• The main provisions for the regulation of the river in this Agreement are:
    • the construction of a storage on the Upper Murray
    • the construction of Lake Victoria storage
    • the construction of 26 weirs and locks on the Murray between Blanchetown in South Australia to Echuca in Victoria
    • the construction of nine weirs and locks on the lower part of either the Murrumbidgee or the Darling River. (Later the Murrumbidgee is selected)

 

1917

 

River Murray Commission established

  • Its main role is to regulate the Murray and efficiently share its waters between the three States on the River according to the River Murray Waters Agreement
  • Initial responsibility is to co-ordinate the construction of storages, locks and weirs by the three State constructing authorities.

Major flood


 

1917-1925

 

Soldier settlement irrigation schemes

  • After World War I, the Kingston, Waikerie and Berri areas in the Riverland of South Australia are extended for soldier settlement and new areas are developed at Cadell, Chaffey (Ral Ral Division) and Block "E" at Renmark
  • Soldier settlement occurs at Shepparton, Tongala, Kerang, Woorinen, Swan Hill and Nyah in Victoria
  • In the Sunraysia region, Red Cliffs in Victoria and Coomealla in New South Wales are established and include soldier settlers.

 

1919

 

Hume Dam construction commences

  • Key storage for the regulation of the Murray.
  • A year-round supply of water will be ensured by storing high winter flows and releasing during the critical low-flow months of February to May and during drought periods.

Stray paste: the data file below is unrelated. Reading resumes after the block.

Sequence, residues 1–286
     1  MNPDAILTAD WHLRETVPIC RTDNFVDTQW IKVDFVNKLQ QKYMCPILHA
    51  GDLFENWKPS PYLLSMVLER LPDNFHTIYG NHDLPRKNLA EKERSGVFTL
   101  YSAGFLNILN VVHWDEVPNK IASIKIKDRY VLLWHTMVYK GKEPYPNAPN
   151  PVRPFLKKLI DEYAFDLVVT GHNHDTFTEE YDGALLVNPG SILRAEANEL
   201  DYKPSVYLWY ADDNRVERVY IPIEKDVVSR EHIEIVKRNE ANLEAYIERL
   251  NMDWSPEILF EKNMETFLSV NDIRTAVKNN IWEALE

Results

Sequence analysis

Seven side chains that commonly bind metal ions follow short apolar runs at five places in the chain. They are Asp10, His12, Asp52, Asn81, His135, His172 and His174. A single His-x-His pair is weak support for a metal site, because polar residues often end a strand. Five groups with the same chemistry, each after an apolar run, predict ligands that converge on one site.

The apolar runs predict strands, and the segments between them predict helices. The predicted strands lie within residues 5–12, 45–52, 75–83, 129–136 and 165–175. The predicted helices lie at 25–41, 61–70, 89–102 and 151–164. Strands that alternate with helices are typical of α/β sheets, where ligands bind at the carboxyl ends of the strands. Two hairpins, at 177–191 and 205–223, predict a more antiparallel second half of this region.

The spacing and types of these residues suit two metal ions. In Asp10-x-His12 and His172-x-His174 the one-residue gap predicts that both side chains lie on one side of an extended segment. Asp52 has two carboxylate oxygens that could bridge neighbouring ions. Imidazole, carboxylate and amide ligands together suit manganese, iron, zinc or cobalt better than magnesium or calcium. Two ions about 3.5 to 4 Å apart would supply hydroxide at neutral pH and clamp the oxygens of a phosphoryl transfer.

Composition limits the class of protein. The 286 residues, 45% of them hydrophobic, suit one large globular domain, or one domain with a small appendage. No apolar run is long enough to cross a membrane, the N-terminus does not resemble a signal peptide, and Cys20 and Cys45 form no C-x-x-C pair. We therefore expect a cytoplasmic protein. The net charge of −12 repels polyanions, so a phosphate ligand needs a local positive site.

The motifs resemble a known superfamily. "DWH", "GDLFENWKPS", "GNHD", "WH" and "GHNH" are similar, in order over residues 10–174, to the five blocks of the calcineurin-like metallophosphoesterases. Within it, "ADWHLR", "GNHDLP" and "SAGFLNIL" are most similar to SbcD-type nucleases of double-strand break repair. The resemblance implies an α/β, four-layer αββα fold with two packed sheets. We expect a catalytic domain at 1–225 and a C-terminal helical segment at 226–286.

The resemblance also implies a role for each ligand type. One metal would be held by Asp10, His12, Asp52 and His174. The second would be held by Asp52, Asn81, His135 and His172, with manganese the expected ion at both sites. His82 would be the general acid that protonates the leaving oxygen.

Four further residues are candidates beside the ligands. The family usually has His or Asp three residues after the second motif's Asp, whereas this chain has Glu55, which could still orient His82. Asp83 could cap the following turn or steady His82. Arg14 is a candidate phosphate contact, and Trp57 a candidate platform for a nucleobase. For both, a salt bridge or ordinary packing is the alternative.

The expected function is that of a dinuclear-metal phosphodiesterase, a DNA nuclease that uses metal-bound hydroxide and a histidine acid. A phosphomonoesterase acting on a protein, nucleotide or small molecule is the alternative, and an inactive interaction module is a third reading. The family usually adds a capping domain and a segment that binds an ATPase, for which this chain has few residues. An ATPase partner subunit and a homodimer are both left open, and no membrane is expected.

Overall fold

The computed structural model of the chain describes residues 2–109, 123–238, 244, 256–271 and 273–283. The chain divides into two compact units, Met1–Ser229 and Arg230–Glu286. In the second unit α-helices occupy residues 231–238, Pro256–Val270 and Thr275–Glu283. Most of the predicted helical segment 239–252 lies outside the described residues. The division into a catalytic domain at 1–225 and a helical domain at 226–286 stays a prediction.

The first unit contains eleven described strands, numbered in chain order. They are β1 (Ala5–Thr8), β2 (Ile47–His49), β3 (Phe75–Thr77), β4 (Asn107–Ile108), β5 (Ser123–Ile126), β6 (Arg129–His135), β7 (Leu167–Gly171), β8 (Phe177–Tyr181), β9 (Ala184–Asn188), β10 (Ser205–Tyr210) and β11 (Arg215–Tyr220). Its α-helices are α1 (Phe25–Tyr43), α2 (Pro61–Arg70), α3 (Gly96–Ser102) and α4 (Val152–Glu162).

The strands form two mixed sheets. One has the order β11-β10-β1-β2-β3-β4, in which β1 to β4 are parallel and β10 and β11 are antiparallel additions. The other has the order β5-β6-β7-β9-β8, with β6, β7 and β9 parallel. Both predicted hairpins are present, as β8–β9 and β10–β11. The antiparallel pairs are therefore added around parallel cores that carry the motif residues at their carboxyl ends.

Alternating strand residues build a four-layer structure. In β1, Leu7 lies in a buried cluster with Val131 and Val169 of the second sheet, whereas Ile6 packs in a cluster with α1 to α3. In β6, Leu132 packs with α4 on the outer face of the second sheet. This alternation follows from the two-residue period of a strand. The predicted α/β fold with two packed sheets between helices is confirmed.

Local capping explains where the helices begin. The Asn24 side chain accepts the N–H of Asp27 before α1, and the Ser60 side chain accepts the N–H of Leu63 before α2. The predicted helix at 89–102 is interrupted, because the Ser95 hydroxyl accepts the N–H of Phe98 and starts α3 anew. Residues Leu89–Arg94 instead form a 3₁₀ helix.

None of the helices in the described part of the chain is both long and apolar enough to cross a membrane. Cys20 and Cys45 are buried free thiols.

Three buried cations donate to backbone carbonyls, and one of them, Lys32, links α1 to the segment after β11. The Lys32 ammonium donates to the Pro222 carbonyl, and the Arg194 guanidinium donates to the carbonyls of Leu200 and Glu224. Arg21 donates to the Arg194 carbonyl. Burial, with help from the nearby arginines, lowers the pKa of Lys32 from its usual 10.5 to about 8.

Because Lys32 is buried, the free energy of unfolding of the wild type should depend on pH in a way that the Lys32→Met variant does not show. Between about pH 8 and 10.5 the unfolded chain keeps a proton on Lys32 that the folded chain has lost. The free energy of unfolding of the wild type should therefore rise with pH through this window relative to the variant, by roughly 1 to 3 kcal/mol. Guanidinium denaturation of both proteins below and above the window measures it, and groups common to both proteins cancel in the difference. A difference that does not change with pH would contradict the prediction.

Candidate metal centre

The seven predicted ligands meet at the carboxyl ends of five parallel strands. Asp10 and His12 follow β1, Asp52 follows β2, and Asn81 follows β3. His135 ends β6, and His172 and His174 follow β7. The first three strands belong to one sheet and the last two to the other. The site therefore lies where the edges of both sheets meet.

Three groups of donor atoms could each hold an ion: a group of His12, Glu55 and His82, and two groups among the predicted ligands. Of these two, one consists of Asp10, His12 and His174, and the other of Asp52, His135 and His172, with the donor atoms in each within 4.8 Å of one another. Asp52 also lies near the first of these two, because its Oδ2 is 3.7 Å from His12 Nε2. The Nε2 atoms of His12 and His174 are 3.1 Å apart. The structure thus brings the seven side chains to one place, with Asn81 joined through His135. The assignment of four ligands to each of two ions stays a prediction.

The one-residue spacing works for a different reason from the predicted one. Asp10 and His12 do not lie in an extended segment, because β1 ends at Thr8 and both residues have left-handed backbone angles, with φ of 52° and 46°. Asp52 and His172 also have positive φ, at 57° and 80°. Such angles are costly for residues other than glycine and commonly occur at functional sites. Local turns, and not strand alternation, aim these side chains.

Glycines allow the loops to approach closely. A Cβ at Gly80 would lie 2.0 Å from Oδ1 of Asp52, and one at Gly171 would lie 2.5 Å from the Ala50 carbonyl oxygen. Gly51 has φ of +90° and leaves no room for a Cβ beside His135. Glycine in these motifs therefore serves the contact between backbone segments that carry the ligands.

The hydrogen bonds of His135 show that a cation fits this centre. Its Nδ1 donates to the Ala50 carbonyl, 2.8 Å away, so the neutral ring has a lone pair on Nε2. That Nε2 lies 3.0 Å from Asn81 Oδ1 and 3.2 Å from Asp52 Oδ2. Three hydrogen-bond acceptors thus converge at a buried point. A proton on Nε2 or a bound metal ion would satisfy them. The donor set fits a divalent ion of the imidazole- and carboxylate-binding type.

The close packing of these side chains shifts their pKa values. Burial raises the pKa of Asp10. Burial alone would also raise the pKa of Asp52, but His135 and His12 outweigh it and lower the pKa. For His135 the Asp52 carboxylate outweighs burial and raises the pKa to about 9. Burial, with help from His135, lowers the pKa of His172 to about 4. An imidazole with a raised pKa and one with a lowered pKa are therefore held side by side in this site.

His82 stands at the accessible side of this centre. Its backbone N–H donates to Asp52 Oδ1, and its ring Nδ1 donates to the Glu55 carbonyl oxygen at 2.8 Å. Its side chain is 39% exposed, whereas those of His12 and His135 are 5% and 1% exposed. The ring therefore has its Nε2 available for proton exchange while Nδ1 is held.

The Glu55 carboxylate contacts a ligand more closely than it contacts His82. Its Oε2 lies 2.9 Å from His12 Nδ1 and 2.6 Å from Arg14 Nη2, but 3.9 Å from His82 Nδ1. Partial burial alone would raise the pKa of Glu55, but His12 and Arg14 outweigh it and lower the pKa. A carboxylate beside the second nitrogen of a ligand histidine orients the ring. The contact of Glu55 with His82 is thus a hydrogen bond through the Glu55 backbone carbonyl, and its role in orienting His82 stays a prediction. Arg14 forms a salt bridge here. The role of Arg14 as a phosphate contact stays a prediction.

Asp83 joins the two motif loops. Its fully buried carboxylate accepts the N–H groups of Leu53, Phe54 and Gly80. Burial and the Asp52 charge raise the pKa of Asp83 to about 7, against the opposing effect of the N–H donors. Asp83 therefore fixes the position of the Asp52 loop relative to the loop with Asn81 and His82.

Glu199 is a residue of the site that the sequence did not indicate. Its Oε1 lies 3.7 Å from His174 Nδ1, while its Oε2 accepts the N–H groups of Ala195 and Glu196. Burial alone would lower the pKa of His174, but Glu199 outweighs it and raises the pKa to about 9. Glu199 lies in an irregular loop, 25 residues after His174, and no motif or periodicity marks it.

1921

 

Major flood


 

1922

 

First lock and weir of the system completed at Blanchetown

  • Blanchetown Weir and Lock 1 in South Australia completed to assist navigation

Border Railway Agreement

  • An agreement between New South Wales and Victoria gives Victoria the right to extend its lines into southern New South Wales and enables New South Wales to open up the southern Riverina for closer settlement.
  • Lines from Echuca to Balranald and from Murrabit to Stoney Crossing tap the last profitable steamer trading area (the lower Murrumbidgee and the Wakool and Edward region is opened up for closer settlement. Victoria takes over the railway from Deniliquin to Echuca and extends the line from Yarrawonga to Oaklands.

 

1923

 

Last cargo steamer built


 

1924

 

Torrumbarry Weir completed

  • Water is diverted for irrigation and stock and domestic purposes to the Cohuna, Kerang and Swan Hill areas of Victoria.

Robinvale linked by rail to Melbourne


 

1928

 

Lake Victoria storage completed

  • A natural ephemeral lake is developed to become a permanent storage to help regulate water supply to South Australia.

Excavation of Devon Downs (Ngaut Ngaut) Rock-Shelter


 

1929

 

Engineering and Water Supply Department establishes in South Australia